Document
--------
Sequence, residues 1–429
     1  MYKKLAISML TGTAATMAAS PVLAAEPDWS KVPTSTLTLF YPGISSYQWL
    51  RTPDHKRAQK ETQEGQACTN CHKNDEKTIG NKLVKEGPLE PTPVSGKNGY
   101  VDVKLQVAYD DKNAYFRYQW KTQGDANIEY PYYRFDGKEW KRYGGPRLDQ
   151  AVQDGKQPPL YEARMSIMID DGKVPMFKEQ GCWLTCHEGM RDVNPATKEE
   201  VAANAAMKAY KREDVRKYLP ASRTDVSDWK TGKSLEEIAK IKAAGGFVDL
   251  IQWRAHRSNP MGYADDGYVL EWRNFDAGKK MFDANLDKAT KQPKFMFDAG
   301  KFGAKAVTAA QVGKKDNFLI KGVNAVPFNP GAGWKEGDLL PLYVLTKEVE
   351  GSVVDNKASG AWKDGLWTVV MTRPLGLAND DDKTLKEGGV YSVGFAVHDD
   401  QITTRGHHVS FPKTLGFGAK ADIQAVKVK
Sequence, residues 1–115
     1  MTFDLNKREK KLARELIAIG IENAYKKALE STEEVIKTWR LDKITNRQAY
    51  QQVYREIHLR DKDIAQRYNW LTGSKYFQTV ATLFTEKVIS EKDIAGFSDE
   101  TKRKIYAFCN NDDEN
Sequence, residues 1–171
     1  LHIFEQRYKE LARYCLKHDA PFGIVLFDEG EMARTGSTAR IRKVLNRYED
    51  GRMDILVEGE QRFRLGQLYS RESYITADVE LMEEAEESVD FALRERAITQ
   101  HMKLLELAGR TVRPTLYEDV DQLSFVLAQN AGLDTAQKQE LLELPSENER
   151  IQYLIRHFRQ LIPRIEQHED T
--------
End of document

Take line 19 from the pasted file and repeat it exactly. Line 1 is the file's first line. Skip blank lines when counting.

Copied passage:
   151  IQYLIRHFRQ LIPRIEQHED T